Tijuana--Exploring Mexico's Fourth Largest City

.. By Joe Hilbers

Tijuana, for many visiting Americans, is an adventure to a foreign city. In some instances the only one they will ever see.

While this writer has visited Tijuana many times, our latest trip was to explore and discover how the City has changed and grown, as indeed it has.

Tijuana is, and always has been, a place of opportunity for people from all over Mexico. It has always been brash, bold and seeking its very own identify. Always filled with people with the desire to improve their lives and those of their families. On our short visit we met people from all parts of Mexico.

Many Americans plan on a visit to Tijuana as a shopping tour for a single day. Others just pass through on explorations to Ensenada, the Valle De Guadlaupe wine country or sporting expeditions; fishing, off-roading, surfing.

We were in Tijuana to stay awhile and our headquarters was the Grand Hotel dominating the City's skyline with 32 stories. It is a first class hotel in every respect offering the same amenities as top hotels everywhere. There is a swimming pool, fitness room, tennis courts, spa and adjacent 18 hole golf course.

It also enjoys a location close to the center of the business and restaurant district. The Grand's own restaurants include the Grand Bistro for fine dining, La Hacienda with its panoramic view of the golf course as well as the Playa Cafe with its elaborate breakfast buffet and featuring traditional Mexican cuisine for lunch and dinner

Grand Hotel is located at Blvd. Aqua Caliete 4500 Col. Aviacion CP 22430. Telephone 664 681-7000. WWW.grandhoteltj.com.mx

It is a pity that too many American visitors only know Tijuana for Avenida Revolucion and Avenida Constitucion, the familiar shopping district. But in reality it is a vibrant city of over one and one half million people which is still growing at the rate of six per cent a year.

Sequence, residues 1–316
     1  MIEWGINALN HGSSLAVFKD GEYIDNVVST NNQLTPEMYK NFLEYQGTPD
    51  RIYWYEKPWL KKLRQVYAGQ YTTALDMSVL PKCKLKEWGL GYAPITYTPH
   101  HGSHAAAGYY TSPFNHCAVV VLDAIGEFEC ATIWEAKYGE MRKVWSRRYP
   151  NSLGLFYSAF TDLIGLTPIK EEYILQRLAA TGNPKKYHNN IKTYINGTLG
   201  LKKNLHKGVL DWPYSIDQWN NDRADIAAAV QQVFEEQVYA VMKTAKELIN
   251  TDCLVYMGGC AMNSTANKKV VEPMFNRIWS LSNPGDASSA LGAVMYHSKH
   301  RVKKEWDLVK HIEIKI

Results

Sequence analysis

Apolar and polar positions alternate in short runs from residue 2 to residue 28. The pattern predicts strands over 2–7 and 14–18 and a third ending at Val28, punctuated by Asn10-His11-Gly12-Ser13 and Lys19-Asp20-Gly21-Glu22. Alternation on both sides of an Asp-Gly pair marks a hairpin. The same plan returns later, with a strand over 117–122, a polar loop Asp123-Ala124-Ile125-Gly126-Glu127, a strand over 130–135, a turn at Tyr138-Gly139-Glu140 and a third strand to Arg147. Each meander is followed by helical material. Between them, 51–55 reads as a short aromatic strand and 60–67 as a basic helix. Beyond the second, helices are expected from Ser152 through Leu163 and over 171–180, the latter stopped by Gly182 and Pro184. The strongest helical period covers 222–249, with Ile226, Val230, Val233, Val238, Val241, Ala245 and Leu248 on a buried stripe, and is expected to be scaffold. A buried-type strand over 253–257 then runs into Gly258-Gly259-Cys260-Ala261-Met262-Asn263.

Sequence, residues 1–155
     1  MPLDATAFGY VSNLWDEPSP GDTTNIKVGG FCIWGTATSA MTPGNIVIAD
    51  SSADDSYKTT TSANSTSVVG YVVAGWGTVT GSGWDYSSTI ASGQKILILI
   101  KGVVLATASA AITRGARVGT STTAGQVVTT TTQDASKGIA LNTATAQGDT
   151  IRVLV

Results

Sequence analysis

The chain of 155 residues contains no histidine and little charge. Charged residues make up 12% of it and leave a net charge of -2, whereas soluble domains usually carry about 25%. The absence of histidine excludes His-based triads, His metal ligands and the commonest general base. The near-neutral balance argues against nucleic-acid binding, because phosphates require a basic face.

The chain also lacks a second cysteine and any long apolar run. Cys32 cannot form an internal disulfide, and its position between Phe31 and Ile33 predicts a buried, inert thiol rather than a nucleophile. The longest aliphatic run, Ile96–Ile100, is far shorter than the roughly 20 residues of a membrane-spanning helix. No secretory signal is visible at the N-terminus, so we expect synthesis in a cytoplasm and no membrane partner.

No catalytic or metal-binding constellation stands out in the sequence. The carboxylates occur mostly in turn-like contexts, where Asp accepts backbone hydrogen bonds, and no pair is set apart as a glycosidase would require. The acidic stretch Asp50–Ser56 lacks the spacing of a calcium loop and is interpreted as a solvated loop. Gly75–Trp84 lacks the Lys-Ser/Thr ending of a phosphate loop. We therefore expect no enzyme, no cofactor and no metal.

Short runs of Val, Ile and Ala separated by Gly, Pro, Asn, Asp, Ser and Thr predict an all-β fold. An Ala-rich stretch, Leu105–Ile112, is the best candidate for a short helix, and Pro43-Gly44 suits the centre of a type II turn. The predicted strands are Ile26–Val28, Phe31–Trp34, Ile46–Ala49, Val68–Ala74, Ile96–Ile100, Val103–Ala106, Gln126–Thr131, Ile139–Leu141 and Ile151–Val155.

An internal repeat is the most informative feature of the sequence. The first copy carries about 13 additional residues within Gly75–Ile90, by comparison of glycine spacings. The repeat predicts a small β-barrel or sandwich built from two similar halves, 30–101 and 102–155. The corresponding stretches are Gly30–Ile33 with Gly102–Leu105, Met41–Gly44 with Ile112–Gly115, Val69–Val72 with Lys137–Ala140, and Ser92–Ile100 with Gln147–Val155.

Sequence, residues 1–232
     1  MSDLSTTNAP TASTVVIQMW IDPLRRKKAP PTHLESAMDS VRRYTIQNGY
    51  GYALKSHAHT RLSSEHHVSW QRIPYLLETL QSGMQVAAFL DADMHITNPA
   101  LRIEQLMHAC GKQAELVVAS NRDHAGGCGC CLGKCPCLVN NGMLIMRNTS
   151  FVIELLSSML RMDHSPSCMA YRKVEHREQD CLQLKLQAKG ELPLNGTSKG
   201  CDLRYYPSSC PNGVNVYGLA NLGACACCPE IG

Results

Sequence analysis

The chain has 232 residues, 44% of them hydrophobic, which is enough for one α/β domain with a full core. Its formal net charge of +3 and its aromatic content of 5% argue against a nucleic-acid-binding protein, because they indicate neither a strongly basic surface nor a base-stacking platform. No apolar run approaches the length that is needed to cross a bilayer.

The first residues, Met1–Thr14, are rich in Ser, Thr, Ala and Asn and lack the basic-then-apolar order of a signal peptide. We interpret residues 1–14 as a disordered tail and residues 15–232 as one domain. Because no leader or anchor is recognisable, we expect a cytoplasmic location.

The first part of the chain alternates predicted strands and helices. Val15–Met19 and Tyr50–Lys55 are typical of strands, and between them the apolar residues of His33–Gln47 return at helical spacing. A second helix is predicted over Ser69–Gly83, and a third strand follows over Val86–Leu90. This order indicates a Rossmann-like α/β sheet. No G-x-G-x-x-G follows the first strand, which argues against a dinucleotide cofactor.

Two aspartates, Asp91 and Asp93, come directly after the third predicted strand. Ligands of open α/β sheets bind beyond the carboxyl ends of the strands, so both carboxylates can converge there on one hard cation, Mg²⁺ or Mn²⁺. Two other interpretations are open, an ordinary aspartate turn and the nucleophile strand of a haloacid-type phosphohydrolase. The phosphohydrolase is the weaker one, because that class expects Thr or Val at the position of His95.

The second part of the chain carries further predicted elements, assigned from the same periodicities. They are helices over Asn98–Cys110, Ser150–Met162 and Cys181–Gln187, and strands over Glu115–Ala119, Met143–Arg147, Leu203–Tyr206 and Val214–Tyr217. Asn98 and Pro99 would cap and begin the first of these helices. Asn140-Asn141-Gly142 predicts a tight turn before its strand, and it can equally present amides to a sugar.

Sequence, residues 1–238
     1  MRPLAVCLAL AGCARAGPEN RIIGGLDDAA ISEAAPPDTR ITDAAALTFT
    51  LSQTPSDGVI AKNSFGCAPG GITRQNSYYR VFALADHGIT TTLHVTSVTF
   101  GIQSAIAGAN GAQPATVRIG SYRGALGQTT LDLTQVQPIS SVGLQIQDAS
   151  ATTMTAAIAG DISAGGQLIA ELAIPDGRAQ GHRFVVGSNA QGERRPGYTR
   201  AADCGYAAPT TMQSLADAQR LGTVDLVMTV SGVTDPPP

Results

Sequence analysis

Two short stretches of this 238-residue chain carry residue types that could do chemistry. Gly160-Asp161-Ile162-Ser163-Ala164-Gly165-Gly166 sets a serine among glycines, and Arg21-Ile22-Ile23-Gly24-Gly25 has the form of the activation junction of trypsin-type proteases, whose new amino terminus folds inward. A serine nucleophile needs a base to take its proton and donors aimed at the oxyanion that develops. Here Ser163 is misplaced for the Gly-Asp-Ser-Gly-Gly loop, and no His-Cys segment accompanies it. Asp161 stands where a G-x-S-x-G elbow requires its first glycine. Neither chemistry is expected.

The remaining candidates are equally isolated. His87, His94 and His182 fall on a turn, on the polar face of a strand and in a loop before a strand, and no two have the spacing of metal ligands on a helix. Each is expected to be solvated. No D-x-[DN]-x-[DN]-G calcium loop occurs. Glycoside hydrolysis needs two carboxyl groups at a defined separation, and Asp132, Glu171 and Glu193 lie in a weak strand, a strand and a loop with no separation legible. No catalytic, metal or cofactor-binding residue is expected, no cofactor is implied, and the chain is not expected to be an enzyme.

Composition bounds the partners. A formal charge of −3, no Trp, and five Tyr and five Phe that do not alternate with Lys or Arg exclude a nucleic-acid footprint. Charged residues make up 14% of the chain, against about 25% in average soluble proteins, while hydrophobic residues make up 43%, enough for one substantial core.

Yes we did stroll along the streets of downtown but our actual goal was to see the City as people who live there. We drove through residential areas and neighborhoods that are desirable by any standard. Homes, some on a grand scale, well maintained and with a wonderful variety of style and architecture.

In the very newest areas of the expanding city are to be found the tract houses so common north of the border. The changes from our earlier visits were visible everywhere. Now a modern airport, nothing like what we remembered from just a decade earlier when we departed for Cabo san Lucas from it.

We strolled on the campus of Baja State University admiring its spaciousness and the interesting functional designs of its buildings, truly a pleasant environment for Academe.

Also located on Otay Mesa the large number of warehouses and factories that have become so important to the City's growth and economy. It is called the Maquita District.

The Tijuana we remembered no longer exists. Our first visit was as a small boy with my parents when we stopped to see Agua Caliente. In other visits I attended the horse races, (the track is still there but no more live racing). The small quaint town is gone and has become a dynamic City.